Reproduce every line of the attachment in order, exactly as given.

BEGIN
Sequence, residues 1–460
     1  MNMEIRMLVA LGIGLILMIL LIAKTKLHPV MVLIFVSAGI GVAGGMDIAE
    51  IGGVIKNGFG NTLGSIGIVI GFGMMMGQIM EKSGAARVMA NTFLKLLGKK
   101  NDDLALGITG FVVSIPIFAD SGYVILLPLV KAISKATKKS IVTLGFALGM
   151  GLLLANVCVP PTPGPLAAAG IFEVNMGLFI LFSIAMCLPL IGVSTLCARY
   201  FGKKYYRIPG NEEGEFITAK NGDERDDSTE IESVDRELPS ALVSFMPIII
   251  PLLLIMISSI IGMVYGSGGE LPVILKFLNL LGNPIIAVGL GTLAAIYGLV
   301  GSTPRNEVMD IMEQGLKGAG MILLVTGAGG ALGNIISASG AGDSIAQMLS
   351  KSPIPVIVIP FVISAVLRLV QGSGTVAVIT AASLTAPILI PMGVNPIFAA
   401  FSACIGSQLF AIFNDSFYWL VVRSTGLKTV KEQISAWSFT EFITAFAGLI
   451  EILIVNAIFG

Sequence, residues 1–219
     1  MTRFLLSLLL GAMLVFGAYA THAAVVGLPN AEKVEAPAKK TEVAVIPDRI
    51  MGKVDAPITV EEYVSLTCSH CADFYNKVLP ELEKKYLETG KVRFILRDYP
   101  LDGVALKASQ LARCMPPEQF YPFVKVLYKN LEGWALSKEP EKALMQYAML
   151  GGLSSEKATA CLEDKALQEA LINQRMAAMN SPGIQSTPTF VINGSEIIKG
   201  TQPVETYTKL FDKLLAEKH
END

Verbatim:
Sequence, residues 1–460
     1  MNMEIRMLVA LGIGLILMIL LIAKTKLHPV MVLIFVSAGI GVAGGMDIAE
    51  IGGVIKNGFG NTLGSIGIVI GFGMMMGQIM EKSGAARVMA NTFLKLLGKK
   101  NDDLALGITG FVVSIPIFAD SGYVILLPLV KAISKATKKS IVTLGFALGM
   151  GLLLANVCVP PTPGPLAAAG IFEVNMGLFI LFSIAMCLPL IGVSTLCARY
   201  FGKKYYRIPG NEEGEFITAK NGDERDDSTE IESVDRELPS ALVSFMPIII
   251  PLLLIMISSI IGMVYGSGGE LPVILKFLNL LGNPIIAVGL GTLAAIYGLV
   301  GSTPRNEVMD IMEQGLKGAG MILLVTGAGG ALGNIISASG AGDSIAQMLS
   351  KSPIPVIVIP FVISAVLRLV QGSGTVAVIT AASLTAPILI PMGVNPIFAA
   401  FSACIGSQLF AIFNDSFYWL VVRSTGLKTV KEQISAWSFT EFITAFAGLI
   451  EILIVNAIFG

Sequence, residues 1–219
     1  MTRFLLSLLL GAMLVFGAYA THAAVVGLPN AEKVEAPAKK TEVAVIPDRI
    51  MGKVDAPITV EEYVSLTCSH CADFYNKVLP ELEKKYLETG KVRFILRDYP
   101  LDGVALKASQ LARCMPPEQF YPFVKVLYKN LEGWALSKEP EKALMQYAML
   151  GGLSSEKATA CLEDKALQEA LINQRMAAMN SPGIQSTPTF VINGSEIIKG
   201  TQPVETYTKL FDKLLAEKH